waa useless to ring Ihe doorbell. ■* the
house was vacant. Fortunately, there
were narrow (sines of glaa* on each ride
of the veetlhule door. so. taking off on*
slipper, she broke the glass with the heel
and was thus able lo puah bk Ihe ' ftteh
of Ihe dradlatrh and gain an entrance,
Bhe aaya she could not possibly have felt
worse If ehe had committed a burglary
than she did at the prospect of having
io appear an Ihe street In such unusual
In a Bummer Garden—
"l love you ao." ihe sunbeam said
To the roe# that grew beside him;
"I love the touch of your golden head.
And th* flower* that grow around you.
"Bo kiss me once," he softly said.
"With th* dd love In your pretty eyes.
For the day Is past end th* flower* dee*l
The flowers that grew around you."
—Anna Mclntoah Revlll*.
For biliousness, constipation and ma
For Indignation, sick and nervous head
For aleepteosnesa. nervousneoa and heart
For fever, chills, debility and kidney
disease*, lake I,*mon Kilxlr.
toadies, for natural and thorough or
gan!.l regulation, lake lavnon Elixir. *
tor and 11 hollies at druggists.
Prepared only by Dr. H. Mosley. At
lanta, Oa.
After ten years of great suffering from
Indigestion, with great nervous prostra
tion, biliousness, disordered kidneys and
constipation. 1 have been cured by Dr.
Moaley’e Lemon Elixir, ami am now a
well man. Rev. C. C. Davis.
KM M. K Church Boulh.
No. B Tattnall street. Atlanta, Oa.
Dr. H. Motley, Atlanta-Having been a
great sufferer for three years from Indi
gestion, and been treated by many phy
sicians, who failed to give me any relief.
Continuing to grow worse, my brother ad
vised me to try Dr. Mosley'* Lemoo
Elixir, which remedy he had used for sev
eral year*.' I commenced Us use, ant)
must any that your lemon Elixir Is tha
greatest awdtrine on earth. I have never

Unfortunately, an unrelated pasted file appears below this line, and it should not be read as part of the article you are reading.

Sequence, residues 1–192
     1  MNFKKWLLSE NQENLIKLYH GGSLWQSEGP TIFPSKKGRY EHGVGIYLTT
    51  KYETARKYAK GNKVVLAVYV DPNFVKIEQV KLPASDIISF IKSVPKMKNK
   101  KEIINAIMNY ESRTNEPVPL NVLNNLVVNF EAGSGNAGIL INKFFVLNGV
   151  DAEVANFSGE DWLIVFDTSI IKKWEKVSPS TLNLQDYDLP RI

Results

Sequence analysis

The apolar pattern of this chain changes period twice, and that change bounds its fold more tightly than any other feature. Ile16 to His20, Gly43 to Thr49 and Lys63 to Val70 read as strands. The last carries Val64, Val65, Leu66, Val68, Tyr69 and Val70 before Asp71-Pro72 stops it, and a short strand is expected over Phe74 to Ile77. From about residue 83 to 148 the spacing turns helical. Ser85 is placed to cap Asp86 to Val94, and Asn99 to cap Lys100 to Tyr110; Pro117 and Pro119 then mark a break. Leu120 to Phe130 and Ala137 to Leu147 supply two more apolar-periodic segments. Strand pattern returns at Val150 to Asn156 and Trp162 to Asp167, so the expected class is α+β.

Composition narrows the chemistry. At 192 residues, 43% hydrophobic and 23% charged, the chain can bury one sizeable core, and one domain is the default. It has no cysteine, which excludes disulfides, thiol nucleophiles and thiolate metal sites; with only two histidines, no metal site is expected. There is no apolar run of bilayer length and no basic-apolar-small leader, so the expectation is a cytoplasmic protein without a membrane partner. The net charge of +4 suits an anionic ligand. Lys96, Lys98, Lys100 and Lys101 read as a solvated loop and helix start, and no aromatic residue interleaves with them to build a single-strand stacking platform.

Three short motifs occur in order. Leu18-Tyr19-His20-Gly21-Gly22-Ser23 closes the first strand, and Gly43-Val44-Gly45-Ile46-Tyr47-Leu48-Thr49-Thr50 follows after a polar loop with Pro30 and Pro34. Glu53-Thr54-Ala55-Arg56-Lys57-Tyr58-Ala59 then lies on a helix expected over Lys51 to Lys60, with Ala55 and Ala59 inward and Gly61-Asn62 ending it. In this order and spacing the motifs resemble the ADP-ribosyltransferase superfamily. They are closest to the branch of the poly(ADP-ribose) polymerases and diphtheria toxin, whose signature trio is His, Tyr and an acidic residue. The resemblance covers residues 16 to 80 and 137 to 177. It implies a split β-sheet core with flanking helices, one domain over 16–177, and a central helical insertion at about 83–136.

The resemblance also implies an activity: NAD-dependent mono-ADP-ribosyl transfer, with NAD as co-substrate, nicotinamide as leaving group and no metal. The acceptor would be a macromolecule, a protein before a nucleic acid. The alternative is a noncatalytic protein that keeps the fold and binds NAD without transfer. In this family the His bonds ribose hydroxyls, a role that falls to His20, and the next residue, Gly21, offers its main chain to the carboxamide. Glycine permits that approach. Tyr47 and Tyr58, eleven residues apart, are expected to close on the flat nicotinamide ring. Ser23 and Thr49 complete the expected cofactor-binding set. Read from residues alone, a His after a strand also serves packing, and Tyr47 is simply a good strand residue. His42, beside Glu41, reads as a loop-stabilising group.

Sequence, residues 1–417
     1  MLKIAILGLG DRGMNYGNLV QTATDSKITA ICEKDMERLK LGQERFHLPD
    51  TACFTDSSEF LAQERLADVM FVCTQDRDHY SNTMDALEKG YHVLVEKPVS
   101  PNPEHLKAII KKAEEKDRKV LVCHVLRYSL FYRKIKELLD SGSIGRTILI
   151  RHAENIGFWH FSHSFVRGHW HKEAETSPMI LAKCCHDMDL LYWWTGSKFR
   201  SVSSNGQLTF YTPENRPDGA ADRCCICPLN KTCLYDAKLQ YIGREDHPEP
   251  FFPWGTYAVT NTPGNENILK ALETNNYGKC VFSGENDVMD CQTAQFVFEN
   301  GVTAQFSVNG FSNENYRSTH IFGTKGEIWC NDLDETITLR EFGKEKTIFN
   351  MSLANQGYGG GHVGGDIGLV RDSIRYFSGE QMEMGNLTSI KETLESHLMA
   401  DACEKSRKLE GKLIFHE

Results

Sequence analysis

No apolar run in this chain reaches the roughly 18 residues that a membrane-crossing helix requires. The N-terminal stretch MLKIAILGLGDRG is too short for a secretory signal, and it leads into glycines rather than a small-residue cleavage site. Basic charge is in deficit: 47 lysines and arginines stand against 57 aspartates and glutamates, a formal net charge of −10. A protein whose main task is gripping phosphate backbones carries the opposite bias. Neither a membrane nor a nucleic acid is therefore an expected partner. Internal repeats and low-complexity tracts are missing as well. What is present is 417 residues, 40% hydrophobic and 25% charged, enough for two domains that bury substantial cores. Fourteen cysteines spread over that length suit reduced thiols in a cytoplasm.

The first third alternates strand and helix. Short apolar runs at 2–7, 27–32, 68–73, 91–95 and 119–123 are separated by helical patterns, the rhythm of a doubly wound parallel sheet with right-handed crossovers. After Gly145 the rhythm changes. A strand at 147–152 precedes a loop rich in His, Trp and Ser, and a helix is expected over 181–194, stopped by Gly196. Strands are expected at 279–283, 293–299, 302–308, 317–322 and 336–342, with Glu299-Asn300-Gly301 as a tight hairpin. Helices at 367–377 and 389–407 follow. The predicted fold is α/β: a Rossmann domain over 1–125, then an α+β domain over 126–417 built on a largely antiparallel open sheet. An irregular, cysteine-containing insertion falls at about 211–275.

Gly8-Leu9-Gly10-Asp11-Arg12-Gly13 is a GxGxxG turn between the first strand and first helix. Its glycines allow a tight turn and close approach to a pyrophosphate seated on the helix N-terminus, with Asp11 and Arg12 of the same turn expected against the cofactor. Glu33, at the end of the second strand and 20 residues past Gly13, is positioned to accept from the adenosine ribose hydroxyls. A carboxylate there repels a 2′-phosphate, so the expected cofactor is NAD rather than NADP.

suffered a day since I commenced using
Lemon Elixir. R. L Hoooo,
Hernando street. Memphis, Tenn.
A t AHO.
This Is lo certify lhat I used Dr. Mos
ley’s I/mon Elixir for neuralgia of tha
head and eyes with the most marked ben
eflt to my general health. I would gladly
have paid |Tu> for Ihe relief It has given
me ala coat of two or three dollar*.
H A. Beall.
Clerk Superior Court Randolph County,
—American* traveling without passports
In Europe Jhls season, and especially tn
Germany, have been put to conaidrrahla
Inconvenience an a result of recent an
archist demonstrations. One of the first
questions put to foreigners traveling In
Germany Is as to their Identity, end docu
mentary evidence on this point I* always
regarded as most valuable Thus a man
without a passport 1* of necessity under
more or less suspicion, so that It Is al
ways best for tourists to provide them
selves with these documents.
Children's i'nraaols 2&o
Children's* Crnbrellaa ~7Sa
N’h-* Laundry 8ag*.,,,.D0
N'lre Laundry Bags So
Nice Btampcd Bearfs....lSo
tl.tt> Linen Squares .... too
It.tiO Linen fl.-arf* ®o
The Victoria Corsets....too
The K. A G. fore .as TSo
it to PocketbookH at 75.1
Full 81s* Sheets ....Me
Hemstitched Bheets ....too